As this is not a quiz I shall give the answer. They are the quarter and half rupee coins issued in 1946 and 1947 and the one rupee coin issued in 1947. They can all be found on this page of the site I linked to in my last post. You notice they aren't inscribed "four annas" and "eight annas". This was because decimalization was already on the cards. Coins issued after 1947 opted for a compromise with "four annas" in Hindi along with "¼ rupee".
I have one of these coins, acquired in my change somewhere in India many years ago, and I've been carrying it around in my purse ever since. I'm glad to know it's still legal tender!

It has George VI King Emperor and his head on one side. The other side has a lion (or tiger?), India 1947, 'Quarter Rupee' in English, 'vav(? - straining my eyes a bit here) rupiyah' in Hindi and something in Urdu.

I don't think I could get much for a quarter rupee these days! It can continue to rest in my purse as a lucky charm
#5 Jul 3rd, 2013, 11:25
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#5
Quote:
Originally Posted by Golghar View Post Q: Which coins carrying the effigy of a British monarch are still legal tender in India?
...
Quote:
Originally Posted by JuliaF View Post I have one of these coins, acquired in my change somewhere in India many years ago, ... I'm glad to know it's still legal tender!
Though it is still legal tender in India, it would be great if you are able to preserve it for few more years. It will become invaluable!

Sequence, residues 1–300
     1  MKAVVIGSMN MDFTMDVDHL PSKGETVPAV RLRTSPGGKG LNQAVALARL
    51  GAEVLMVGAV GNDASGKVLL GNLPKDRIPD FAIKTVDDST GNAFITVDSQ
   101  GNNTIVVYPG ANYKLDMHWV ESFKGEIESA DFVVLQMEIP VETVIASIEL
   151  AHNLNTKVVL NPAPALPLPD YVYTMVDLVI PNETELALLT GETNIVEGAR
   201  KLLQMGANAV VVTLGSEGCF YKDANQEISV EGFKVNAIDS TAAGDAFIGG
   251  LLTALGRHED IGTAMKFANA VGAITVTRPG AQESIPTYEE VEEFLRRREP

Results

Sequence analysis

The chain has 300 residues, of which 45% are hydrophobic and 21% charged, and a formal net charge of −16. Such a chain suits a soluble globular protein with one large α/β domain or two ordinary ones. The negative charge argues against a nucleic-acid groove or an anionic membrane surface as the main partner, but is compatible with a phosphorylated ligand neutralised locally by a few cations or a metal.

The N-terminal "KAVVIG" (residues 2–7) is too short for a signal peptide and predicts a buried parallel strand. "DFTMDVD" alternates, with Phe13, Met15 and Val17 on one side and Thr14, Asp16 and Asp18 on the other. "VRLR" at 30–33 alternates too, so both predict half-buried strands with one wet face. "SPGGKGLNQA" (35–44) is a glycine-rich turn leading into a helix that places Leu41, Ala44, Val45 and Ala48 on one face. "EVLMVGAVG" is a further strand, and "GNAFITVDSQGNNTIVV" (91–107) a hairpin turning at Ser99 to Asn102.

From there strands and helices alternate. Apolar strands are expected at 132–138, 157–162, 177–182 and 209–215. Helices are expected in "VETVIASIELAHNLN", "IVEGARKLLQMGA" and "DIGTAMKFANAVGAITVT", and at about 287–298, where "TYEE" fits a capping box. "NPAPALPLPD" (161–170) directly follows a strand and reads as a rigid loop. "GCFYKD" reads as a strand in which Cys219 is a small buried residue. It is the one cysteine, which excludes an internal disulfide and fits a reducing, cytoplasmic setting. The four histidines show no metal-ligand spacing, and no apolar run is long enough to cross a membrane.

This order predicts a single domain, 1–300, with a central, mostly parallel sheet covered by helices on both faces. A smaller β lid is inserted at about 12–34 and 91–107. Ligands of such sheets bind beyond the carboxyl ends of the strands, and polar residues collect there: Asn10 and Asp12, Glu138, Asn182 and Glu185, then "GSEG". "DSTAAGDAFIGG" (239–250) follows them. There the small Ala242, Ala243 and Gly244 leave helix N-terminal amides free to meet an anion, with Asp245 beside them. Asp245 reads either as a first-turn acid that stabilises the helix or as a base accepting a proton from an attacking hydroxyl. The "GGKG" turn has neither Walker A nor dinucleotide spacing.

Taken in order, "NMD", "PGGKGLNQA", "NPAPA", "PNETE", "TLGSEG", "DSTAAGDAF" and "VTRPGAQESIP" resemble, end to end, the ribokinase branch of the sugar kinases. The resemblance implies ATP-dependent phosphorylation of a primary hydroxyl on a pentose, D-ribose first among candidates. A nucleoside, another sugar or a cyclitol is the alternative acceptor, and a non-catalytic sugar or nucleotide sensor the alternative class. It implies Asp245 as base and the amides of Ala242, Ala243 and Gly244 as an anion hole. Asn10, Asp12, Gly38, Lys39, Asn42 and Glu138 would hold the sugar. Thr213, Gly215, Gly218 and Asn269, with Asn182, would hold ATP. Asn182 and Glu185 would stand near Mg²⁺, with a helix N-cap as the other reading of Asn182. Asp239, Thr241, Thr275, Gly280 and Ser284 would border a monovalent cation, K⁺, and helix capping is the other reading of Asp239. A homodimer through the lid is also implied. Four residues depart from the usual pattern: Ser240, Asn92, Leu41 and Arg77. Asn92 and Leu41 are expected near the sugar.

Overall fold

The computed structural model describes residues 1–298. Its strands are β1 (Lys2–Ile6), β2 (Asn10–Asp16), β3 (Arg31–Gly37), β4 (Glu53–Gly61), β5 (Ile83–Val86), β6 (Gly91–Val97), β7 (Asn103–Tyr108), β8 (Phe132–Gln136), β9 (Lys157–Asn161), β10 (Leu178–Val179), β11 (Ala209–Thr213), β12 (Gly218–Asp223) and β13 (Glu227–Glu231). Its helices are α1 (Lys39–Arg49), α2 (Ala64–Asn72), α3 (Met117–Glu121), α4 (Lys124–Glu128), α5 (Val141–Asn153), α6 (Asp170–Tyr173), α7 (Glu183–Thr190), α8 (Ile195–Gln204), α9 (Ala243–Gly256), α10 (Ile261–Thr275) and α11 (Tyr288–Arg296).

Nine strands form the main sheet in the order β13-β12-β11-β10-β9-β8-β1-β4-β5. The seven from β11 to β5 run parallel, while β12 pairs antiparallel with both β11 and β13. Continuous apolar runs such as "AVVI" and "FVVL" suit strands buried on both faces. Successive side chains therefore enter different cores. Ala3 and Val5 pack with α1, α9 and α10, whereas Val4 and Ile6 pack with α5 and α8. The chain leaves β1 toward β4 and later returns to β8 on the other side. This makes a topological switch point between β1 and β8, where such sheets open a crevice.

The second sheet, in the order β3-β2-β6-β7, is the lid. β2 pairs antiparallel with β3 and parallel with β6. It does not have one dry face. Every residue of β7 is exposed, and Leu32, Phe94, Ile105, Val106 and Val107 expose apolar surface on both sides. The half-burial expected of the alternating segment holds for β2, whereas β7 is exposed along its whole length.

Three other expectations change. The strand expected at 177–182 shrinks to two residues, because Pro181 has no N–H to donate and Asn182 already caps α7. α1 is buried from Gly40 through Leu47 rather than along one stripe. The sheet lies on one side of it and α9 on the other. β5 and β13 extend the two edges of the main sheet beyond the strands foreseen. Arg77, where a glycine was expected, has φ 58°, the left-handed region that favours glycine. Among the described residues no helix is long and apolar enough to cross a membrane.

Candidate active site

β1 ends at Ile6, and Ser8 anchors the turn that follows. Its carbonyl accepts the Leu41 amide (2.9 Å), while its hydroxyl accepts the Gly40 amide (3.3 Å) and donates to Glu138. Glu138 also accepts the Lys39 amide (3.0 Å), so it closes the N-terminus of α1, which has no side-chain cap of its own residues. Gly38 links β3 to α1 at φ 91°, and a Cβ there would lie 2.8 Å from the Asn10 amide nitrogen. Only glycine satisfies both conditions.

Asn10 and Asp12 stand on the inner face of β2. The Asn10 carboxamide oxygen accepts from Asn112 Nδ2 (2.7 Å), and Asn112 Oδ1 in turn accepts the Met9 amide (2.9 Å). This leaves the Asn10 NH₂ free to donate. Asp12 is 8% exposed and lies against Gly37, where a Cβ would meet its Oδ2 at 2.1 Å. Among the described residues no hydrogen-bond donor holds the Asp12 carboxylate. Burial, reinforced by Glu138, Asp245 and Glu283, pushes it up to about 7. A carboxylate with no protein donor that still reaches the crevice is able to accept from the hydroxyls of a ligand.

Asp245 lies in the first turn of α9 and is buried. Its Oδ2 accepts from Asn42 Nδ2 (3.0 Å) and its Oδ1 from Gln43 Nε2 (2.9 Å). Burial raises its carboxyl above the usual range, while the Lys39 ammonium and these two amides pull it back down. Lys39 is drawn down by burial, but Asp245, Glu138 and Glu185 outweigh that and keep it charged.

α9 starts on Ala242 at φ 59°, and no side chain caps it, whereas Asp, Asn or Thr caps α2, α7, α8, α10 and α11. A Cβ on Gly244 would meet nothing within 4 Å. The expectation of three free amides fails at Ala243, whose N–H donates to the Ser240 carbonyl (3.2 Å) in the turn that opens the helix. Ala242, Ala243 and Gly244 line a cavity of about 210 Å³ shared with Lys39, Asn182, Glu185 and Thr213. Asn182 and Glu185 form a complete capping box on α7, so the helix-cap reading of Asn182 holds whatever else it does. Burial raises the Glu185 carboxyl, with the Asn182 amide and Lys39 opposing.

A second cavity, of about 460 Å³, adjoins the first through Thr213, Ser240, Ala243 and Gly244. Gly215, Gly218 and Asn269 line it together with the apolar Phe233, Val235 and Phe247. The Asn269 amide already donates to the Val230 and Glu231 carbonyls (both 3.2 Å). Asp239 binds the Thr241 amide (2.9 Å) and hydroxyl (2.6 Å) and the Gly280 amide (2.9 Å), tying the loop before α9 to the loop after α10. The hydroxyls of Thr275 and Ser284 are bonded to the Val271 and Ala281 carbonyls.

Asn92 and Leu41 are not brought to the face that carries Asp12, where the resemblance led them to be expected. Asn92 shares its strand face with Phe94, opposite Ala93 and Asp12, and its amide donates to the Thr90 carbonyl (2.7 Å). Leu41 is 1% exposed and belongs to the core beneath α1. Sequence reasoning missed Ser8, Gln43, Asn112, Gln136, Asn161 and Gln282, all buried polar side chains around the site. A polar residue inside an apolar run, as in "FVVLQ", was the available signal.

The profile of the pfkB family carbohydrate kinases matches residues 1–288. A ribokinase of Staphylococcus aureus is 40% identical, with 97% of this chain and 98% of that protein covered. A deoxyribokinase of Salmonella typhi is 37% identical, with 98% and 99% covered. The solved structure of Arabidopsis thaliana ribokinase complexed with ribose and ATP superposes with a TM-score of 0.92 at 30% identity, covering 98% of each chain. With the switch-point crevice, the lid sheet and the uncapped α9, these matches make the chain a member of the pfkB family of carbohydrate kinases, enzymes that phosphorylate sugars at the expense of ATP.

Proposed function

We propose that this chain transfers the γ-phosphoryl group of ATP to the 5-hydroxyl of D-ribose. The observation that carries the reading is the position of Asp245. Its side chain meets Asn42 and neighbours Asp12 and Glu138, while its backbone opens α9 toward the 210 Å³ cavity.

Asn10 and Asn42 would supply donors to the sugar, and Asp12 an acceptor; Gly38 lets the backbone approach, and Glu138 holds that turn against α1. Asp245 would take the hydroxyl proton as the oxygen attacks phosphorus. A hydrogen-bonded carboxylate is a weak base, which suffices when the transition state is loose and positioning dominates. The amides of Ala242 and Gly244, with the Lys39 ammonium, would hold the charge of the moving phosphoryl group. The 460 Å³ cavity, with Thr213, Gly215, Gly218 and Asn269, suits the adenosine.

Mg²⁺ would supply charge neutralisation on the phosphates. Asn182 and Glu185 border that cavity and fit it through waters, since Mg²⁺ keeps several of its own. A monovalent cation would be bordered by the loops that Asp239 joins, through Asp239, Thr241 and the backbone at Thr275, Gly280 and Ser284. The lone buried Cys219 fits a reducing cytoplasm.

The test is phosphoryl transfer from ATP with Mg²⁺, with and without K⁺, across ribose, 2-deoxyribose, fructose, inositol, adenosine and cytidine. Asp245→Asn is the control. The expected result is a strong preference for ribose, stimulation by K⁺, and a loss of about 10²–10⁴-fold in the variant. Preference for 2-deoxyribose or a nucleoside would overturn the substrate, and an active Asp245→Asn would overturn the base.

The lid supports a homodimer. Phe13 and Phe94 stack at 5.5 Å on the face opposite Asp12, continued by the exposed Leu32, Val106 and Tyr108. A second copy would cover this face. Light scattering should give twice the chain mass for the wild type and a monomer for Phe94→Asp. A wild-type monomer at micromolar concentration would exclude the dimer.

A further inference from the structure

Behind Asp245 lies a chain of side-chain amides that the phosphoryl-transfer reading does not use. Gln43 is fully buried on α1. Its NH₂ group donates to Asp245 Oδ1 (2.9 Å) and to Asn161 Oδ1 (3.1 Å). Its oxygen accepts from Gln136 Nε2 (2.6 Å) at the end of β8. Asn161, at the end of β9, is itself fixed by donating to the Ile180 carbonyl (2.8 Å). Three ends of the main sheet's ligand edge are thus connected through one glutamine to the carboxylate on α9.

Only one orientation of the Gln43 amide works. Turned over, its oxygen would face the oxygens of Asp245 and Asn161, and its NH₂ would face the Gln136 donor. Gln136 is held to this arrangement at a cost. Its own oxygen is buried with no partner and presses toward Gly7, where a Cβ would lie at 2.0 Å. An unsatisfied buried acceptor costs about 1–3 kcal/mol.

This page may work as an educator on old coins!
#6 Jul 3rd, 2013, 14:29
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#6
Quote:
Originally Posted by JuliaF View Post I have one of these coins, acquired in my change somewhere in India many years ago, and I've been carrying it around in my purse ever since. I'm glad to know it's still legal tender!

It has George VI King Emperor and his head on one side. The other side has a lion (or tiger?), India 1947, 'Quarter Rupee' in English, 'vav(? - straining my eyes a bit here) rupiyah' in Hindi and something in Urdu.

I don't think I could get much for a quarter rupee these days! It can continue to rest in my purse as a lucky charm
It says "pav rupaya" in Hindi and Urdu. I don't remember anyone ever using that expression. It was always "char ana" and the coin was called a "chavanni". "Pav" was still in common use as a measure of weight (¼ seer) till metrication finally seeped down to the vegetable markets.
The predator on the coin looks more like a sabre-toothed tiger than anything stalking the forests these days.
As for George VI's title, I posted this question on the railUK forum.
#7 Jul 3rd, 2013, 16:44
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#7
Quote:
Originally Posted by JuliaF View Post Hi Golghar. I'm glad you started this thread



I have one of these coins, acquired in my change somewhere in India many years ago, and I've been carrying it around in my purse ever since. I'm glad to know it's still legal tender!

It has George VI King Emperor and his head on one side. The other side has a lion (or tiger?), India 1947, 'Quarter Rupee' in English, 'vav(? - straining my eyes a bit here) rupiyah' in Hindi and something in Urdu.
Please post a photo of the coin from both sides.
Last edited by aarosh; Jul 3rd, 2013 at 19:05..
#8 Jul 3rd, 2013, 17:24
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#8
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Originally Posted by Govindpuri View Post Please post a photo of the coin from both sides.
Go to post#3. In the third line of the second paragraph there is a link (the words "this page" underlined). The coins are displayed with rising face value as you scroll down the page. This particular coin is the last of the "quarter rupees". You can find both sides of the coin there. The images on the site are blocked so they cannot be copied and pasted here.
#9 Jul 3rd, 2013, 17:59
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#9
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Originally Posted by Golghar View Post The images on the site are blocked so they cannot be copied and pasted here.